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Effect of Agricultural Feedstock to Energy Conversion Rate on Bioenergy and GHG Emissions

Institute of Poyang Lake Eco-Economics, Jiangxi University of Finance and Economics, Nanchang 330013, China
School of Public Finance and Taxation, Southwestern University of Finance and Economics, Chengdu 611130, China
Author to whom correspondence should be addressed.
Sustainability 2015, 7(5), 5981-5995;
Original submission received: 20 March 2015 / Revised: 7 May 2015 / Accepted: 8 May 2015 / Published: 13 May 2015
(This article belongs to the Special Issue Sustainability in Electrical Engineering)


Taiwan is eager to develop renewable energy because it is vulnerable to energy price distortion and ocean level rise. Previous studies show bioenergy technologies can be applied mutually, but pay little attention on feedstocks to energy conversion rate, which has potential influences on policy making in renewable energy and environment. This study employs a price endogenous mathematical programming model to simultaneously simulate the market operations under various feedstocks to energy conversion rates, energy prices, and greenhouse gas (GHG) prices. The result shows pyrolysis-based electricity can reach up to 2.75 billion kWh annually, but it will be driven out at low conversion rate and high GHG price. Pyrolysis plus biochar application will be the optimal option in terms of carbon sequestration. Market valuation on potential threats of extreme weather could have substantial influences on ethanol and renewable electricity generation. To achieve aimed GHG emission reduction and/or bioenergy production, government intervention may be involved to align the market operation with Taiwan’s environmental policy.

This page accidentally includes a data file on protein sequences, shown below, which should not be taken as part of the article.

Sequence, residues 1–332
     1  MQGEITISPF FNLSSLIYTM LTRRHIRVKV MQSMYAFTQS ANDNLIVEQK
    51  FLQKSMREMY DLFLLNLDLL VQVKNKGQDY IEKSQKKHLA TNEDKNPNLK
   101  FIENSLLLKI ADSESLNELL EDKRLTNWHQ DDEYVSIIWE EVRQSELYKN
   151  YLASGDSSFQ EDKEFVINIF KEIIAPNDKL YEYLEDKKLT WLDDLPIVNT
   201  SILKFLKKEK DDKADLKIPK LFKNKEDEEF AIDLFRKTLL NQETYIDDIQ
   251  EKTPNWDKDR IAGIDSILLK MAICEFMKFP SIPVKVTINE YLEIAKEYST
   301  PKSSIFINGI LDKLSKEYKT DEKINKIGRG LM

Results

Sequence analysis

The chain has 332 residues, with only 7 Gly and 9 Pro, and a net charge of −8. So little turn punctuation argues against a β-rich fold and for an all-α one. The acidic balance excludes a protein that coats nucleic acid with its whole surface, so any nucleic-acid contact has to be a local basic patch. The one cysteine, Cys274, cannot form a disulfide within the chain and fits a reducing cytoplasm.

1. Introduction

Climate change shift is an important challenge that many countries have been dealing with. The use of fossil fuels such as coal and crude oil emits numerous greenhouse gases (GHGs), which are believed to be the main cause of global climate change. Combined with the non-renewable property of fossil fuels, development of renewable and clean energy has been intensively investigated since 1980s [1,2]. A similar situation happens in Taiwan because less than 1% of the energy source can be domestically supplied and the climate change induced damages are very likely to impact the Taiwanese economy, environment and society. Bioenergy such as ethanol that can blend with gasoline and co-fire, which mixes bio-feedstocks with coal to generate electricity, is an attractive alternative to fossil fuels because Taiwan not only released substantial cropland after participation with the World Trade Organization (WTO), but also reduced the distortions that resulted from the global political issues [3]. In addition to co-fired ethanol, pyrolysis is another option, as it provides renewable energy, along with substantial economic and environmental benefits, from biochar application (byproduct of pyrolysis) [4,5,6,7]. With limited land available, it is necessary for Taiwan to consider the optimal bioenergy technology or technology combination to maximize its social welfare. Several studies have been performed on this issue [3,6,8] but failed to consider the feedstocks to energy conversion rate, which could influence the result significantly. Bioenergy is, in general, produced from agricultural commodities and, depending on the energy content of the commodities and the technology adopted, the amount of bioenergy can be produced varies. Therefore, the feedstocks to energy conversion is important, as it determines the quantity of bioenergy that can be produced per unit of materials and the amount of greenhouse gases (GHG) emissions that can be offset. For this reason, failing to incorporate this factor may distort the result and bring an unrealistic conclusion to policy makers. Moreover, different feedstocks to energy conversion rates may be available as various agricultural commodities are applied.